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I have several amps ranging from 100 Watts to 7.5 Watts, vintage to modern, master volume to non-master but none of them are very satisfying at levels low enough not to wake the Mrs. or the neighbors late at night. I use an Amplifire modeler with headphones. It is absolutely silent to the Mrs. and neighbors and gets fantastic rock tones that I mix with my practice and jam tunes. Although I don't use it this way, you could also run the Amplifier through your monitor system if you don't like headphones.
 

Ghostman

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All my heads run into a Two Notes Captor and into a DAW so I can play quietly at home.

Your guitar will not get ruined or explode if you plug it into something other than a cranked Plexi. :facepalm:
 

grumphh

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Personally i use either a 50W 2x12 V30 Silver Jubilee combo or a 100W Randall RM-100 through a 1960B g12t-75 for playing at conversation volumes. In an apartment where neighbours conversation can be heard as mumbling through walls/ceilings...

At those volumes these amps do not sound like they would turned up - but i like their preamp drive sounds just fine - definitely enough to keep me very satisfied.
Also, the big bottom end of the 4x12 helps in getting a somewhat satisfactory sound at conversation levels - a bit like pressing the "loudness" button on an older home stereo. I can definitely get my chug on at extremely low volumes :D

The combination of gain, channel volume and master volume makes it easy to dial in the right volume, even when the amps have barely begun working...
(My 50W Laney doesn't work for home use, simply because the master volume has a jump between unusably silent to "****, that's loud!" - that one only sounds good at volumes far above neighbour friendly volumes...)

What you just shouldn't expect from any amp that is not a modeler is "pushed" sounds at absurdly low volumes - physics simply prohibit that...
 

charlie chitlins

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The thing you will never get from a small amp or attenuator is the sound of a pushed speaker.
This is why you need to find a box that emulates a cranked amp in all its aspects...cooking preamp, output stage AND speaker.
I've not heard a Kemper, but I would imagine it does the deed.
Heck, I have a $27 Joyo American sound that does a pretty good job at delivering those groceries...
 

Mockbel

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I am 99% bedroom player too.. exclusively using headphones
 

jstarr823

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I run a Marshall Dsl40cr in a small room at 20 watt setting and it sounds great . Not too loud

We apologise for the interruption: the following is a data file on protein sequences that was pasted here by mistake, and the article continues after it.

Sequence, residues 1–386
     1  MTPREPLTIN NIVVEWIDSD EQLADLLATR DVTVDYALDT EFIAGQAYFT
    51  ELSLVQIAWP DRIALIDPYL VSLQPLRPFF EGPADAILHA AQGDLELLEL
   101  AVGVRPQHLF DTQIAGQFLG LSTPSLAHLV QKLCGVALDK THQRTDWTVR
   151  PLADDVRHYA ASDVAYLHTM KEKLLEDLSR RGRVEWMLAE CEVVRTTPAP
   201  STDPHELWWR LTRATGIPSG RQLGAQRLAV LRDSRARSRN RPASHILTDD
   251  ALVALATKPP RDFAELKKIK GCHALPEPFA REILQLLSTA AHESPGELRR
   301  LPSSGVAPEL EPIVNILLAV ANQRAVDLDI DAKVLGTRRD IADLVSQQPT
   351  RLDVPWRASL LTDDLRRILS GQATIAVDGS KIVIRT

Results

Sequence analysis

I'm not saying that you can't run a DSL40 at low volume... It just doesn't sound nearly as good as when it's pushed at bit. It's a tease at low volume.
 

Lhdr

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jstarr, do you prefer the ”live” Yamaha type sound and ease, or the bias amp which I assume requires more setup and fussing around with? If I tried a bias amp on an ipad, can you Bluetooth to a speaker? I suppose I should put my head in the rabbit hole of software. Just dont want to go in too far.
 

shupe13

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Obviously you're spending way too much money. Get a First Act and belt clip amp.
 

ErictheRed

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I use big amps at home and playing with the band. Not huge, but the smallest amp that I have is a 35 Watt Fender Vibrolux, and the next smallest is a Mesa TC-50 with 1x12" cab. My third amp is a Hiwatt Custom 50 and 2x12" cabinet.

The Mesa is fantastic at low volumes, it has an incredible Master Volume circuit. It supposedly also has a great headphone out, but I never use it. You could definitely use this as a "bedroom amp," though it's obviously overkill for that. Still, if you ever play out you might want the extra power in the future.

The Hiwatt is actually quite nice at lower volumes, too. It needs pedals of course, but also has a good Master Volume circuit. The Vibrolux is not great at low volumes. It still sounds good clean and has excellent Reverb, but you really need to get it cooking before it has any of that vintage Fender magic.

So anyway the point is, I would recommend something like a Mesa Triple Crown or Mark V: 35. You will want something with a lot of preamp gain to get distortion at lower volumes, and with either of those amps (or others like them), you'll be able to play with a drummer and gig all day long.

On the other hand, there are some really excellent solid state amps these days, so if those are overkill and too expensive, don't be ashamed to find a good modeling amp for a lot less. Still, if I could only have one single amp for all situations, I would probably have something like my Mesa Triple Crown and lose the vintage Fender and Hiwatt, honestly. Those two amps both sound "better," but only when they're in the zone, and the Mesa is usable from true bedroom levels up to large gigs, and has a headphone out.

Lastly, remember that no larger speaker will sound good at low volumes unless it can move a bit of air. So using a smaller solid state amp can sound better at low volumes because of the speakers--or you can use the headphone out of something like a Mesa Mark V or Triple Crown to have the best of both worlds, i.e. a big tube amp that still sounds good at extremely lower volumes.